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Best Song Won't Be

The best thing about covering the Best Song category in the 2007 Oscar prognostication sweepstakes is that it's got to be about the easiest of any of them to pick - there's a 60 percent chance that the winner will come from one film. That film is Dreamgirls, which like a Supremely powerful R&B steamroller is crushing all in its path. Three of the best five original songs in all of moviedom come from this one film - imagine that. The only question is, which Dreamgirl - Beyoncé, Anika Noni Rose, or Chicago's own Jennifer Hudson - has put her song over well enough for it to win. Coincidentally enough, each of the three Dreamgirls sing lead in one of the nominated songs (Beyoncé, "Listen;" Anika, "Patience;" and Jennifer, "Love You I Do.")

Here's Oscar:
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  • The music for all three of the nominated songs was either written or cowritten by Henry Krieger, who has a long and impressive resume as a composer in the world of Broadway musicals. So if a Dreamgirls song wins, he and his collaborators will be the ones who actually collect the Oscar. But in my mind, it's not the compositions that will matter as much as the how they were performed in the movie. That's because the music in Dreamgirls is, for the most part, interchangeable. It is to real R&B what Hair was to rock 'n' roll: some consummate Broadway professional's calculated, ultra-slick take on an indigenous musical form. Therefore, it's the personalities and individual talents of the three Dreamgirls, both on- and off-screen, that will probably decide the winner in this category, not the minute differences in mainly-mediocre songwriting.

    Looking at the race this way, Beyoncé is the classic Diana Ross ingenue and so is officially the star, but Jennifer Hudson gets the lion's share of show-stopping performances. Her momentum as the ample Effie is massive coming into the Oscars. But the strange thing is that "Love You I Do" isn't really her best song in the film. It provides more of a bouncy Motown delight than a memorable ultradiva thrill of, say, "And I Am Telling You I'm Not Going." "Love You I Do" is also kind of a throwaway number in the context of her character. Nevertheless, Hudson's vocal range and delivery are astounding, and she's able to rise above even the most unimaginative songwriting to thrill a skeptical listener such as myself. I now know there's a good reason this American Idol contestant is so hot. She's even going to sing "Love You I Do" during the telecast.

    But the Jennifer frenzy could also be a problem for her, songwise: She's so out-of-control scorchingly popular that she has also been nominated for the Best Supporting Actress Oscar. I'd say the smart money is certainly on her for that award coming, as she is, fresh off a Golden Globe win in the same category. And if so, would a Best Song Oscar seem gratuitous? Is the decision to nominate her for a song that's not among her very best a subtle way of tilting the Best Song voting to Beyoncé, while Jennifer gets to win instead for her Dreamgirls acting? Or is all of this just making for an even more sweeping Jennifer tsunami? The only thing I can be absolutely sure of is that if she does takes home an Oscar, it'll be all-Jennifer, all-the-time, Chicago. Get ready for Effie. She'll be every-damn-where.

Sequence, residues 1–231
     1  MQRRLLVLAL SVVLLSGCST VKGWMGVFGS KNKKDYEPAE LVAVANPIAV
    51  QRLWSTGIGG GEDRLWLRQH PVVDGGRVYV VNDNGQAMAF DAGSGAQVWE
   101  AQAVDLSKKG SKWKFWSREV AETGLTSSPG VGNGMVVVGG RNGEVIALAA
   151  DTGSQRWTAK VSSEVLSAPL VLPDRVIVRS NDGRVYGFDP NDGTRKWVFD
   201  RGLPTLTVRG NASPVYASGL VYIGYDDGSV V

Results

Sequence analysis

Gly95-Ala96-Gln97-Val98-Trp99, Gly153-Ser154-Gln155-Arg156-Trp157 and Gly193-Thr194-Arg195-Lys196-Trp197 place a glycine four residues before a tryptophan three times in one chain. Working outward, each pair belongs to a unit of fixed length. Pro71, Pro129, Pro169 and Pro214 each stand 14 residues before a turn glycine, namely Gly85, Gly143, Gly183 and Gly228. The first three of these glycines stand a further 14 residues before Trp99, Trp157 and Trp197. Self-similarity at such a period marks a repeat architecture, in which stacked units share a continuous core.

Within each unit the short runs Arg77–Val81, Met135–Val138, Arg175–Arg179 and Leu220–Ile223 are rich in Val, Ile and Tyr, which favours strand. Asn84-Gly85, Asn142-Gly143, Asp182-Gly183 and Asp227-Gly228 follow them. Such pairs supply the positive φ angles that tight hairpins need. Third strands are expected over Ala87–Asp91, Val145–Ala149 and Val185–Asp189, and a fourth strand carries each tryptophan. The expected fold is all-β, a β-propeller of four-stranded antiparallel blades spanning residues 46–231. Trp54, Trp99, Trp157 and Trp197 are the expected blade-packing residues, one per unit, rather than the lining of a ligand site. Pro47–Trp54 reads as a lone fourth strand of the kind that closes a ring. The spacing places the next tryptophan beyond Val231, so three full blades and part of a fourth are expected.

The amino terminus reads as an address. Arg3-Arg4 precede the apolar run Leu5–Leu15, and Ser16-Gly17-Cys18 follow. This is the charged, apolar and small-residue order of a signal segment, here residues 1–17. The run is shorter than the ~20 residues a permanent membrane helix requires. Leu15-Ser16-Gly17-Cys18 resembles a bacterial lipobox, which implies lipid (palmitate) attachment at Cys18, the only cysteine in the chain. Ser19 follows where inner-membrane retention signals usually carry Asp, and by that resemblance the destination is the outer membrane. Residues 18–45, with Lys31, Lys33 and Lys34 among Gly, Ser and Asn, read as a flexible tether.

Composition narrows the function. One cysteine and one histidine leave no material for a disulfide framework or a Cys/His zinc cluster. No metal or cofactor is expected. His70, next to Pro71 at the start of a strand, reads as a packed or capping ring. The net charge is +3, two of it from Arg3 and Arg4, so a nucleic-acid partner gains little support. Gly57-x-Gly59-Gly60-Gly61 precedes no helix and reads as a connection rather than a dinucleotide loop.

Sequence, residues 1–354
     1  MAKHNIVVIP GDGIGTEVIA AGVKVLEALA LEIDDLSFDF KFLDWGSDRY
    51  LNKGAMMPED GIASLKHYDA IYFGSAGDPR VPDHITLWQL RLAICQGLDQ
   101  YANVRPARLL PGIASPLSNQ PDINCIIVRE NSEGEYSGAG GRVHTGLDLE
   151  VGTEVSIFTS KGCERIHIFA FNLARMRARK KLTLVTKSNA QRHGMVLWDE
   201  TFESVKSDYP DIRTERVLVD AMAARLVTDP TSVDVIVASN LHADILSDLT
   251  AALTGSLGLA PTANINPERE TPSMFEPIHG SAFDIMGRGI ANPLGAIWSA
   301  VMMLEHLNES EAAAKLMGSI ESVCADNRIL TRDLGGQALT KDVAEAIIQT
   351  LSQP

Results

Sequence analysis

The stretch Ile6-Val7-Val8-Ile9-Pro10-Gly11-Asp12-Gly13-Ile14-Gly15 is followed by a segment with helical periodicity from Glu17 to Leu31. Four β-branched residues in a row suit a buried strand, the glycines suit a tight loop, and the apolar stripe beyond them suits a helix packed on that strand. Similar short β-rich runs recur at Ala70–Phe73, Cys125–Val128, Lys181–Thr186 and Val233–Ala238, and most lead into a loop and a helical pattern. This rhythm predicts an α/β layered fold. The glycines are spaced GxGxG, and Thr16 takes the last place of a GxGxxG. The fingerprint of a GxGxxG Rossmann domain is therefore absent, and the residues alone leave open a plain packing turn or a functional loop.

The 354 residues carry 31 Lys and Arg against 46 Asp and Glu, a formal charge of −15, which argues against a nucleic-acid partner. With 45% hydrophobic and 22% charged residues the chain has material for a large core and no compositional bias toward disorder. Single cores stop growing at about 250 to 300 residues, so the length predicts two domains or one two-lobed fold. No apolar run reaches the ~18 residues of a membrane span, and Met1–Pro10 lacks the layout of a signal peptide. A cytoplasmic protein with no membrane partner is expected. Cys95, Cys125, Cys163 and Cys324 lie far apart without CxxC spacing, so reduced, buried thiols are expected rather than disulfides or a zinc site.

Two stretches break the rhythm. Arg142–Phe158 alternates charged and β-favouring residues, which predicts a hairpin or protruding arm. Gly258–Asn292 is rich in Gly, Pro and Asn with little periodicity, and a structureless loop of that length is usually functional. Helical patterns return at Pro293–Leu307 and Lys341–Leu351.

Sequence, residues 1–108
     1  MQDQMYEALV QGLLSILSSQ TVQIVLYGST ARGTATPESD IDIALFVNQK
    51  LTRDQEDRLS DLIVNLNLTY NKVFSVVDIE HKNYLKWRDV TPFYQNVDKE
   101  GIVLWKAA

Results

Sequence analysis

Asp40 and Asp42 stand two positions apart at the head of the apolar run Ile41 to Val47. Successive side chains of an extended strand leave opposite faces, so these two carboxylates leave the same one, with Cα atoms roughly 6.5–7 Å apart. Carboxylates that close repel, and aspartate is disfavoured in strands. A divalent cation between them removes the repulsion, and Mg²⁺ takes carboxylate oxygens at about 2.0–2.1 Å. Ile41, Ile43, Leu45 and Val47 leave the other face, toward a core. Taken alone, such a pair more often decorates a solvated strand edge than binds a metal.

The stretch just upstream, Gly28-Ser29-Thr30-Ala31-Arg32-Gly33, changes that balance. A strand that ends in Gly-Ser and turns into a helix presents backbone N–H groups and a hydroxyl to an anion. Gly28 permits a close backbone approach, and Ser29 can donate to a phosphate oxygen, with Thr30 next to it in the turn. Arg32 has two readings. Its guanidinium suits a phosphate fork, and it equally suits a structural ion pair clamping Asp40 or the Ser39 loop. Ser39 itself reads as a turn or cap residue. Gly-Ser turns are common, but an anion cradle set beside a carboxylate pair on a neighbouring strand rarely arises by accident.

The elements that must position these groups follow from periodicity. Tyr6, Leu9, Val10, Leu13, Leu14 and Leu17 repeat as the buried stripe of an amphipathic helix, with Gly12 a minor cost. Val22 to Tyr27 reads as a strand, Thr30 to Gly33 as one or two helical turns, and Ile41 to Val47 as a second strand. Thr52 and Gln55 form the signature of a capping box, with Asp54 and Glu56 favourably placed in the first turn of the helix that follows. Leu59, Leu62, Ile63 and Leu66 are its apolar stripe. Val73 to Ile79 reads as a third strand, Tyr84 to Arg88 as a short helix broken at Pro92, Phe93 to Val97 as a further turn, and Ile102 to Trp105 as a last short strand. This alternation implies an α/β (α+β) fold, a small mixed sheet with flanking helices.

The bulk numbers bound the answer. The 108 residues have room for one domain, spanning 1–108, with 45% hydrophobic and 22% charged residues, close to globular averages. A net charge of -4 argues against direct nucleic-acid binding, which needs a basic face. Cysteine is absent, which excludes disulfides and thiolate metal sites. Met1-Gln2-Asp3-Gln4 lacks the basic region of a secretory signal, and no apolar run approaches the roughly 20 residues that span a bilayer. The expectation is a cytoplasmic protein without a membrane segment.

randy_newman.jpgIn the non-Dreamgirls portion of the contest, there's . . . umm, what now? Oh yeah, Melissa Etheridge and Randy Newman. Here's how I'm certain the voting will go down: three Dreamgirls, total of 65 percent; Melissa (for a song in Al Gore's An Inconvenient Truth) 25 percent, thanks to the antiwar Hollywood liberal lobby; and a mere 10 percent for Randy, who, of course, has the song that really deserves to win. His collaboration with James Taylor on a spare, haunting, folk-rock ballad for the Pixar film Cars called "Our Town" is a fine example of mournful Newman-ness that also fit brilliantly into the cartoon. But Randy already has a Best Song Oscar from another animated film, 2001's Monsters Inc. With a mainstream R&B leviathan and an Al Gore sympathy vote in the mix, poor, quirky Randy will for sure take a seat in the back, you know, where art always seems to be shunted when commerce and politics are involved.

    There is, however, a wild-card scenario. Some bets are being placed on a situation wherein the three Dreamgirls songs split the difference at the top, thus allowing Melissa Etheridge to sneak in with a plurality. But there are two problems with this line of thinking: The first one is that the Dreamgirls song "Patience" isn't going to get many votes. That song's mostly about Jamie Foxx and Eddie Murphy rather than Anika, so it's really just two Dreamgirls songs battling it out at the top. The second is that Etheridge's song, "I Need to Wake Up," isn't very memorable on its own. It's an earnest, mid-tempo rock ballad, kinda preachy, kinda full of itself. So, it fits well with the documentary's main character, but I think the vote really hinges on whether the antiwar, anti-global-warming sentiment is so strong that it will prove out over everything. I predict that, much like the movie's hero, "I Need to Wake Up" will finish out of the money, proving again that even politics can't trump commerce in Hollywoodland.



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    Posted on February 22, 2007


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